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Uncertain Future For Petrol And Diesel Vehicles
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Status Of Shale Gas And Oil Development In India
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Press Release [FREE Access]
Petro Intelligence » Brakes On One Merger; Now Break The Grand Plan

 By R. Sasankan

We propose to create an integrated public sector ‘oil major’ which will be able to match the performance of international and domestic private sector oil and gas companies.
— Arun Jaitley in his Budget Speech in 2017

The proposed Grand Alliance in India’s petroleum industry is finally in tatters.

Nirmala Sitharaman, current finance minister, is quietly sweeping the detritus from a collapsed plan – an ill-conceived attempt to meld two petroleum giants into a shambling behemoth – into the dustbin of poor ideas.

Samuel Johnson, the 18th century English critic, had once slammed the great poetic tradition of writing pastoral elegies that blended Christian and pagan images, singling out John Milton’s poem Lycidas as a vulgar creation of “irreverent combinations” by trying to juxtapose heathen deities with “sacred truths”.

Jaitley’s grand plan was a polluted concept on a similar scale: an attempt to create an irreverent combination of two very disparate entities without considering the founding principles that anchored the ambitions of a newly liberated nation.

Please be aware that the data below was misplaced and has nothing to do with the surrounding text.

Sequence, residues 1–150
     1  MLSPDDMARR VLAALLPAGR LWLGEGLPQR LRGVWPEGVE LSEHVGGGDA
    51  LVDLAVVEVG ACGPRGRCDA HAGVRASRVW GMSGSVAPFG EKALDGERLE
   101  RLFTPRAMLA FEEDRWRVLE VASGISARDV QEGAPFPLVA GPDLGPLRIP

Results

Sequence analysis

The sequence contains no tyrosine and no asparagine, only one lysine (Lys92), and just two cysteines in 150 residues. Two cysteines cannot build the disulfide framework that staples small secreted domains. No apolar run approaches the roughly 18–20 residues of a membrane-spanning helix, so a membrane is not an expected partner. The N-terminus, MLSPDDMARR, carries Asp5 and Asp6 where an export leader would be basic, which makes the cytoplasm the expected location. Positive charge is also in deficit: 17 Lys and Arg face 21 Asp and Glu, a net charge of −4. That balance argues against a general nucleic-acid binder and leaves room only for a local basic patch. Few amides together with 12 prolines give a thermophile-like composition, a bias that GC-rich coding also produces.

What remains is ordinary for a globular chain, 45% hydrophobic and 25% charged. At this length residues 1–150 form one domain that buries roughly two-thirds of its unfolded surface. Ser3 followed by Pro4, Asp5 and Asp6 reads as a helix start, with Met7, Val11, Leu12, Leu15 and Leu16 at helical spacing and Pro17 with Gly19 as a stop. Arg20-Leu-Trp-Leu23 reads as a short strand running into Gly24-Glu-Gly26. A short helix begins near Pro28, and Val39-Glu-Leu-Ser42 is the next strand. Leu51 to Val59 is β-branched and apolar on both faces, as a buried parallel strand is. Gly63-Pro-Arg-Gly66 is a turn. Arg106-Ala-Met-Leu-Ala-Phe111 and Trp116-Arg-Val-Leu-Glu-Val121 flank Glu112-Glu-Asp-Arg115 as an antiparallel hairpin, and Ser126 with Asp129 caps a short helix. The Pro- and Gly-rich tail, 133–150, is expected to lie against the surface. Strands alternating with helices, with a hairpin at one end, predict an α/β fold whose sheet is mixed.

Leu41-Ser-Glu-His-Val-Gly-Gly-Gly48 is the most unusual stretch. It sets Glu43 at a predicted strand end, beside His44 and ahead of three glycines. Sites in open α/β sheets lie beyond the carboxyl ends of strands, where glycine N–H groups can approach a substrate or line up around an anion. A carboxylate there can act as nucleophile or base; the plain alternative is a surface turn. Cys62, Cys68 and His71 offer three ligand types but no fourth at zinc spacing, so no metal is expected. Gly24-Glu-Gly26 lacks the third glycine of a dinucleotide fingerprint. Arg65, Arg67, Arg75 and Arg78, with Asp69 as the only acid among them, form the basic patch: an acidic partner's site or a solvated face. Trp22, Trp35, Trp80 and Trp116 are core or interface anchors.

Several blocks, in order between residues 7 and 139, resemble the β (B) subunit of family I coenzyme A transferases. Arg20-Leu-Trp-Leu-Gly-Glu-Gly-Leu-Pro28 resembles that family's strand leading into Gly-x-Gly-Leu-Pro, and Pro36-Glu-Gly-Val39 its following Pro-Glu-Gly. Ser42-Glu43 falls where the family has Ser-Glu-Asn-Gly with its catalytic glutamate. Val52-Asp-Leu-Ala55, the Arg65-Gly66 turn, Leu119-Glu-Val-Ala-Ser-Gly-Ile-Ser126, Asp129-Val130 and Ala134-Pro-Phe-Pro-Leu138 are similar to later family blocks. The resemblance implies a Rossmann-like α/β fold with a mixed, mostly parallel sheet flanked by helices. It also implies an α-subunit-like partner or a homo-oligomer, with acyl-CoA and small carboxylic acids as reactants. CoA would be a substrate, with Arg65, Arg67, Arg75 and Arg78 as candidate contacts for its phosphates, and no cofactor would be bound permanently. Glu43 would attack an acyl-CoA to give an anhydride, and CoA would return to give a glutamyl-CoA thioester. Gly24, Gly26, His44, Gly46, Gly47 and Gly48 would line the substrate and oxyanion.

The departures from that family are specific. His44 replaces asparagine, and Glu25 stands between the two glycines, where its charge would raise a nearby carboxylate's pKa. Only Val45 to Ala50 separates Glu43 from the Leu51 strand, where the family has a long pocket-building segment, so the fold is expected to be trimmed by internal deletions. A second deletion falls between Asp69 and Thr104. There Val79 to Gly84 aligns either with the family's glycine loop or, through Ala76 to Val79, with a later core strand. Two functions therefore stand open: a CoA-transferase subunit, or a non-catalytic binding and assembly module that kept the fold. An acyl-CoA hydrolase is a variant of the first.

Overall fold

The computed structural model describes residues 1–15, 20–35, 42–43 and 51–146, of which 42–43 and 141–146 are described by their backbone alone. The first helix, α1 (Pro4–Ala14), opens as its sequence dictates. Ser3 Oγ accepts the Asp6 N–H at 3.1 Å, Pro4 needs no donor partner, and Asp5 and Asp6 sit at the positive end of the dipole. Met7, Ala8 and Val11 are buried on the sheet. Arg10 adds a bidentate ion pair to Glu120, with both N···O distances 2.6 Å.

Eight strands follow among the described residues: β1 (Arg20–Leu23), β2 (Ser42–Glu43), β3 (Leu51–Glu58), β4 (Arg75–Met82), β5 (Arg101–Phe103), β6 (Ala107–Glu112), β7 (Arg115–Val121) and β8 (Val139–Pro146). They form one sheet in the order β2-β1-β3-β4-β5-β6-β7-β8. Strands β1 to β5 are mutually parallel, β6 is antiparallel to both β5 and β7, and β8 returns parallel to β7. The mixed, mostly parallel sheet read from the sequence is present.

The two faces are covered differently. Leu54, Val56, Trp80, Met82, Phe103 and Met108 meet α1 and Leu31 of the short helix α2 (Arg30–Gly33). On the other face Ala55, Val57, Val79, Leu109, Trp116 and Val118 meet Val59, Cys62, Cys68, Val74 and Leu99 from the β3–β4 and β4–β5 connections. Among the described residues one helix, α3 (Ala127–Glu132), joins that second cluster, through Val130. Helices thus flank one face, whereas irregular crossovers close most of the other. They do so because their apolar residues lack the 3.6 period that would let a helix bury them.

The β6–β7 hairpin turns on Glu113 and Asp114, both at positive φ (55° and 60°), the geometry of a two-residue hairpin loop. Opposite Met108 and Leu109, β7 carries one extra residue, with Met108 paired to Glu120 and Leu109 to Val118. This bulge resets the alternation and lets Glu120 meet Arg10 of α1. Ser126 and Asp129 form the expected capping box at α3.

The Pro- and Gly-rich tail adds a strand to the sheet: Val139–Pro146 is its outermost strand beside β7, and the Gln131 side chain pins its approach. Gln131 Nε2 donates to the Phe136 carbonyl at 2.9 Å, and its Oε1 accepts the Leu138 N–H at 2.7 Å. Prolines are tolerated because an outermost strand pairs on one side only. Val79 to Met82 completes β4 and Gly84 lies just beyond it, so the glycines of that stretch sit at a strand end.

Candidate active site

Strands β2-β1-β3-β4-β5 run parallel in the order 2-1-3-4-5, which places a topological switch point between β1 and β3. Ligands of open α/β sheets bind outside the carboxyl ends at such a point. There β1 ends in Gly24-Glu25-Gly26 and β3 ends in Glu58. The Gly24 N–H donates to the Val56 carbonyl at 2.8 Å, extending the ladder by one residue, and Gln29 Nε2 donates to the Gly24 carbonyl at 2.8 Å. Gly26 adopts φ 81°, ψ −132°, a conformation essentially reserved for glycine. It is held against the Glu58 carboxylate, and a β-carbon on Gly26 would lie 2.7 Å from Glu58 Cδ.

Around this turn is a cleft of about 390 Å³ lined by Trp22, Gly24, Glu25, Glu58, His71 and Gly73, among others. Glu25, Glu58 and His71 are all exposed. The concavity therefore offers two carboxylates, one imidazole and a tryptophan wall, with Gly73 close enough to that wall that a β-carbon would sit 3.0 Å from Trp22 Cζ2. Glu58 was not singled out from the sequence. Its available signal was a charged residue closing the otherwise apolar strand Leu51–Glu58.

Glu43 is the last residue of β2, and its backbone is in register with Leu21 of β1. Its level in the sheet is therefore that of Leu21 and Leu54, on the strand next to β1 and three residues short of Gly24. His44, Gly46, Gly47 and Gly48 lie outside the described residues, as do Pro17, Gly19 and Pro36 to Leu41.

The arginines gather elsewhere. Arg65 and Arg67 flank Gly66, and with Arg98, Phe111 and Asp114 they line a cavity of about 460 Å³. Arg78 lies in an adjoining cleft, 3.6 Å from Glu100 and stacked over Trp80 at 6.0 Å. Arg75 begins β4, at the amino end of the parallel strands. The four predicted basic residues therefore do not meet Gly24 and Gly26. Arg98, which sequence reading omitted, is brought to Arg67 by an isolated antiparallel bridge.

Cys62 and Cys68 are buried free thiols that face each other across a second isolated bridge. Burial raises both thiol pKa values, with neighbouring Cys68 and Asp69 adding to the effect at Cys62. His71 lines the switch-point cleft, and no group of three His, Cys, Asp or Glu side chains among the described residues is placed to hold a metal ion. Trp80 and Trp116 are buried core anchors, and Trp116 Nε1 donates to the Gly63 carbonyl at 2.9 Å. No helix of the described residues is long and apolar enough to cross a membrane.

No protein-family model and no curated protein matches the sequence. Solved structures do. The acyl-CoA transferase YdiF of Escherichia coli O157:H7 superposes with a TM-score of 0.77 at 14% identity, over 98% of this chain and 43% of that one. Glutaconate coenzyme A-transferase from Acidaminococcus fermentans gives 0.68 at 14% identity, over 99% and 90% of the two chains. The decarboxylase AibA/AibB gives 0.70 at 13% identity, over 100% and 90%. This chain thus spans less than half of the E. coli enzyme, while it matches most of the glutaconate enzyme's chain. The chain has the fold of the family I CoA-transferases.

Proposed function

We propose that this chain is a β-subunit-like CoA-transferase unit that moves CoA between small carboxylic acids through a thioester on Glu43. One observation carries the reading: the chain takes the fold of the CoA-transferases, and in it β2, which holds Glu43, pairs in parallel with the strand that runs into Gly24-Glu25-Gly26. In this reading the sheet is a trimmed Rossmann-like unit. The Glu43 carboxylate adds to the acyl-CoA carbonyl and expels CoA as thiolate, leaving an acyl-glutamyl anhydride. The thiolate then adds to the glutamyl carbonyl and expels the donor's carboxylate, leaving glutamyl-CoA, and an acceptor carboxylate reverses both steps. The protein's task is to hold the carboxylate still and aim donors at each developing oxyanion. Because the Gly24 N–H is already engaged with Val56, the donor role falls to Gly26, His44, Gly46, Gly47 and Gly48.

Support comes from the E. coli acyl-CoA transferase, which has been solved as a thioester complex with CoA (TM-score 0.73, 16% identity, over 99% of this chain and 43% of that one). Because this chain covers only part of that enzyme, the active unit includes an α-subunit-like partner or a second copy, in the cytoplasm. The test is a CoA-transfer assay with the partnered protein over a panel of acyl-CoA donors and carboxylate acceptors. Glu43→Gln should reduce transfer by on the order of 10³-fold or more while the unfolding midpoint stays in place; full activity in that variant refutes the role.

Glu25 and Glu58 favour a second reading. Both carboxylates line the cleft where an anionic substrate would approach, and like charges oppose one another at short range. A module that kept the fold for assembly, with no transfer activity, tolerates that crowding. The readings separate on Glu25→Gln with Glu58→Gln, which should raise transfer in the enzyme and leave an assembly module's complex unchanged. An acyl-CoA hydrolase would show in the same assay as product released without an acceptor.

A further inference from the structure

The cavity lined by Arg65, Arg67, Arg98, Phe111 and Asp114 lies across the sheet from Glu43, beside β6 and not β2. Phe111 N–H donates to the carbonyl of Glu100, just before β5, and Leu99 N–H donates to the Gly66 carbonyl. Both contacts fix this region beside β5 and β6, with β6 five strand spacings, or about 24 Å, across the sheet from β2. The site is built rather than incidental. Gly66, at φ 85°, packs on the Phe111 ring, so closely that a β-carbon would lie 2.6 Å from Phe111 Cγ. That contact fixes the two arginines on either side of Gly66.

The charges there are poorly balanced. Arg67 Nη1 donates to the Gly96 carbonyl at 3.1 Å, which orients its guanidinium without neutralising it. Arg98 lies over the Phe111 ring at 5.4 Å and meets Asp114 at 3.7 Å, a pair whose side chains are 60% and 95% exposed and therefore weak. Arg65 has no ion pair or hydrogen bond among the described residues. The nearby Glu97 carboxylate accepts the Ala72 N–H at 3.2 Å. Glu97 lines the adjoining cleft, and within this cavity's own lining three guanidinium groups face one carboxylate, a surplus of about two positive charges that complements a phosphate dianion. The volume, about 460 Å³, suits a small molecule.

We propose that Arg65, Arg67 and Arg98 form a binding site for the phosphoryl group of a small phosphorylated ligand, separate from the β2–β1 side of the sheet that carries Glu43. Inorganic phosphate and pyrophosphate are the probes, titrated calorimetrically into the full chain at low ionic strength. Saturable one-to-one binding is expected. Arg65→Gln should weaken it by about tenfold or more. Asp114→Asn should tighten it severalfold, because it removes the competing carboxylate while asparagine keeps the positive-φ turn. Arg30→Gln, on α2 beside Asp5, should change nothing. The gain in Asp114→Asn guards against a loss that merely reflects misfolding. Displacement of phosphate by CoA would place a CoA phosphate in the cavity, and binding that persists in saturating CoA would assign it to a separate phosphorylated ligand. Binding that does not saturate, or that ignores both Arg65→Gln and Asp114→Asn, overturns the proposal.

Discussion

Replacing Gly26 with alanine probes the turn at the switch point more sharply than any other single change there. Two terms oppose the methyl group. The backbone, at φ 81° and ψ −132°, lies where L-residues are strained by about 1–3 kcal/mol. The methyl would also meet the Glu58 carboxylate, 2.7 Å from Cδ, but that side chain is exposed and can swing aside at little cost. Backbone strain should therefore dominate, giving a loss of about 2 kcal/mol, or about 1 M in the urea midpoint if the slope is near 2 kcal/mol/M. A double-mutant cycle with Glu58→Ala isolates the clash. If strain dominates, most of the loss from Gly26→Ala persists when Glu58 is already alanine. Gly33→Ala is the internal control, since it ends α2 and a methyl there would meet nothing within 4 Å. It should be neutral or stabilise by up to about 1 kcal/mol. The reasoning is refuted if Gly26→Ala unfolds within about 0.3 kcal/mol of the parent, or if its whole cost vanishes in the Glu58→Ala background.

The plan to create an oil behemoth that would match the power and pelf of global industry peers may have been well intentioned but experts in the industry were pretty aghast when it was unveiled. Petroleum minister Dharmendra Pradhan chose not to demur; bureaucrats and oil industry experts preferred to remain silent and not voice their misgivings about the merger.

As part of the plan, Jaitley managed to persuade ONGC to acquire the government stake in downstream major HPCL which, in turn, was supposed to acquire the former’s holding in MRPL. The government holds an 88.58 per cent stake in MRPL. Of this, ONGC holds 71.63 per cent and HPCL, a minority partner, has 16.96 per cent. Jaitley’s move had an ulterior motive: it was designed to reduce the Centre’s fiscal deficit.

The Modi government – in its Second Coming – has decided to dump the merger plan: lock, stock and barrel. But it wants to disengage from a faulty plan without too much to-do. And that means Nirmala Sitharaman will abandon the plan without actually saying so, careful not to cause great embarrassment to Mr Jaitley.

If the government has now realised that the plan is deeply flawed, there is no reason why it should only baulk at the merger of HPCL and MRPL. It ought to go the whole hog and unscramble the entire plan and ONGC ought to cede its stake in HPCL as well. ONGC was never comfortable with the plan to acquire a stake in HPCL. For a start, it depleted its cash reserves. HPCL, in turn, were mortified by the thought that there would be a clash of management cultures. HPCL officials have always believed that they are a cut above the rest in the petroleum pack and looked down on the others with some disdain.

The half-hearted roll back of the grand alliance has fostered another preposterous argument. The acquisition of the stake in HPCL is being justified on the ground that it would make ONGC an integrated oil company. This is a ridiculous argument and springs from an insufficient understanding of the history of ONGC.